Imperial Wharf Station, Fulham
Over the years, Berkeley has contributed to many strategic infrastructure projects including new Tube links, bypasses, bridges and even piers. In every case I ask myself two simple questions. Will this make life better for the local community, and will it enable new growth and homes
If the answers to both is a clear 'yes', then it's a sound long message-term investment. Take our Kidbrooke Village development in Greenwich for example. As the community grew we worked with the council and the rail authorities to increase capacity at Kidbrooke station through a temporary expansion scheme. Next, we will deliver a permanent overhaul that will integrate a bright new station within a buzzing new village centre. By embedding new infrastructure within a mix of new amenities, shops and public space we can really drive change and create a much better place for the whole community.
Despite all these success stories, I worry that infrastructure is still not the top investment priority it should be. We have certainly moved in the right direction in recent years, but the housing crisis demands a bolder approach and I'd like to see more spending power passed down to devolved authorities and local councils. That's where you find the passion, vision and local knowledge you need to make things happen.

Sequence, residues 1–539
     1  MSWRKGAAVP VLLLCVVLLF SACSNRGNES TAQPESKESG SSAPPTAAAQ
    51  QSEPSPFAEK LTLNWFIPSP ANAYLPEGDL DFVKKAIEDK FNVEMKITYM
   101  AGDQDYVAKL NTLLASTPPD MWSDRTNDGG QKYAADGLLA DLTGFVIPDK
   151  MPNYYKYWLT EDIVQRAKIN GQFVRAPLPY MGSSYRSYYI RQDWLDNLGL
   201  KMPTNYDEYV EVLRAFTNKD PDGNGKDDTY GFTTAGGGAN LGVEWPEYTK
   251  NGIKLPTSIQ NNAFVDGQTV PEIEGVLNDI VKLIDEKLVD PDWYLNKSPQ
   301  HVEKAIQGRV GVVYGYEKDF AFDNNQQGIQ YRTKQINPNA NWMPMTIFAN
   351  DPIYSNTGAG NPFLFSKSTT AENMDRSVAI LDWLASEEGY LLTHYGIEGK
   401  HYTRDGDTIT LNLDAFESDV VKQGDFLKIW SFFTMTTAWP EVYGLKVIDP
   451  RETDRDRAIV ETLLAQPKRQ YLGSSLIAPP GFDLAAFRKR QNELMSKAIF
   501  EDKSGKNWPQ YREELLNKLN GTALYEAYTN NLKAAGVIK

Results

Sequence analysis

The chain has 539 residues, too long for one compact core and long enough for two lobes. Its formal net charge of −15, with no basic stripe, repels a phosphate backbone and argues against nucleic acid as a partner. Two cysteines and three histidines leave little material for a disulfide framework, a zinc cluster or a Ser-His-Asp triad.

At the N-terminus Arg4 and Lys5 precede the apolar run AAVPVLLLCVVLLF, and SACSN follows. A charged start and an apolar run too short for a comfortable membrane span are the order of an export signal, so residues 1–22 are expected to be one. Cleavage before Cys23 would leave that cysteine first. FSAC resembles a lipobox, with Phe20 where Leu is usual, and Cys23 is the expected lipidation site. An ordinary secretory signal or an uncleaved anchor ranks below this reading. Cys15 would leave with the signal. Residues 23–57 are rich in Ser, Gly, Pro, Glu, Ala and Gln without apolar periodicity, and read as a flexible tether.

Construction at Southall Waterside, Ealing
Kidbrooke Village, Greenwich
If you are going to transform an area and build a community, a long-term approach is essential. One of the most compelling examples of this is Kidbrooke village in Greenwich where we have taken a notorious council estate and transformed it.
By the end of the 1990s, the Ferrier Estate community was beset by crime, unemployment and entrenched social problems. Royal Mail refused to deliver here and with a Ferrier postcode on your CV it was harder to find work. The estate was dark, enclosed and in severe disrepair.
The Ferrier Estate
Today, it is a thriving community, with more than 1,600 new homes built so far, a village centre, a skills training centre and 86 acres of stunning parks and wetlands. People of all ages and backgrounds enjoy fêtes, festivals, clubs, markets, volunteering days and old-fashioned get-togethers.
But to achieve all this, the first crucial task was to earn the community's trust. Many Ferrier residents didn't believe the estate could become an open landscape with amenities and shops. They didn't know our team and they didn't believe we would build good quality homes for their families and neighbours.